Surescripts’ intent is to leverage its core competency of providing lightweight, network services to reach beyond eRx to address basic clinical messaging. Some may argue that DSM accomplishes the same thing. Not really. The Kryptiq solution, upon which Surescripts’ CI network is built, provides collaborative, threaded messaging and not just the simple point-to-point messaging of DSM. Surescripts also brings to the table what is arguably the largest physician directory, that currently supports its eRx capabilities.

Surescripts jumping into the mix of HIE solution vendors will only complicate what is already becoming an increasingly competitive HIE market for services. In our 2012 HIE Market Trends Report we called such services as Surescripts’ CI a micro-HIE for they are self-forming, starting at the physician practice level, rather than being sponsored by some large entity, be it a public agency or larger hospital system. One of the findings of eHealth Initiative’s latest survey released last week is that HIEs are seeing increasing competition from other HIEs in their community. This competition will only increase with the advent of micro-HIEs.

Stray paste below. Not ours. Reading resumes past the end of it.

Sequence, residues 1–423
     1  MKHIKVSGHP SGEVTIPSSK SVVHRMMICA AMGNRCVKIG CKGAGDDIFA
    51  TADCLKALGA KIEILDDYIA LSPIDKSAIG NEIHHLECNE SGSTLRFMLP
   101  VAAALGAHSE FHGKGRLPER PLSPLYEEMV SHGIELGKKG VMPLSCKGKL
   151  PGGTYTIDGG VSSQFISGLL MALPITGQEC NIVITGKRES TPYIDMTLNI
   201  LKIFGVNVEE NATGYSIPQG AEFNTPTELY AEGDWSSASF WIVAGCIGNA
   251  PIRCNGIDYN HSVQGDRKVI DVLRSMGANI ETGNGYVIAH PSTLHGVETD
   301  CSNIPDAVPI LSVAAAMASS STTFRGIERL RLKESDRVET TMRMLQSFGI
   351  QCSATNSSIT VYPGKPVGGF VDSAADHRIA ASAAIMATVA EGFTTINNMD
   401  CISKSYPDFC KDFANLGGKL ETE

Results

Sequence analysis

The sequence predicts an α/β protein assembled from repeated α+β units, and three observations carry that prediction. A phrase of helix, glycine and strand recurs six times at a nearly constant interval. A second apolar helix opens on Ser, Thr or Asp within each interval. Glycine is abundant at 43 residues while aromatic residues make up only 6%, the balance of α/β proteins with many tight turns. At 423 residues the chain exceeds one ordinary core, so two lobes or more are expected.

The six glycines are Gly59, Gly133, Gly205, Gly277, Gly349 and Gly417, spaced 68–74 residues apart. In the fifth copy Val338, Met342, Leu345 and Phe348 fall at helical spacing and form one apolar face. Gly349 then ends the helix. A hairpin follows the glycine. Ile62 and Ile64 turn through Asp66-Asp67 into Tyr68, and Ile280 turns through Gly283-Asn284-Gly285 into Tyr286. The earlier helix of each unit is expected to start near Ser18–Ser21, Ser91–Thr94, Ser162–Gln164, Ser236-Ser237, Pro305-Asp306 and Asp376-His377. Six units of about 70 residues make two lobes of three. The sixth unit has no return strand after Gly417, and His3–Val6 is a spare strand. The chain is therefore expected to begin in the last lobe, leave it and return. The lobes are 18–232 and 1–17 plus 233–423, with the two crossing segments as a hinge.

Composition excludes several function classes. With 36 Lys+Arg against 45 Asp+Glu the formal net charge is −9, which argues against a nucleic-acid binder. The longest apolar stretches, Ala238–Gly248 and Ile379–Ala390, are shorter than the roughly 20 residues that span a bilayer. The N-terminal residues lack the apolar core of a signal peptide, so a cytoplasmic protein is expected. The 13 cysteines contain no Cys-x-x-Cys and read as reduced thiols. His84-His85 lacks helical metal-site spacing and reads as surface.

Combining Surescripts’ existing national provider directory, its partnerships with three of the top five ambulatory EHRs and you have a truly, commercial NwHI – something that Healtheway wishes to become but has a long journey ahead to get there. This will likely force Healtheway to only tackle issues for its federal sponsors (Social Security Administration, Veteran’s Administration and to lesser extent Dept of Defense). Dreams beyond those limited confines will likely remain such if Surescripts is able to effectively execute on its own vision.

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As part of the process of setting our broader research agenda at Chilmark Research, we do a significant amount of secondary research combined with more limited, but highly focused primary research. We use this research to identify the “white spaces” where there appears to be a demand for some thoughtful, in-depth research and reporting that only an analyst firm such as Chilmark can provide. During that process, however, we often uncover some interesting trends similar to the HIE Snippets of the previous post.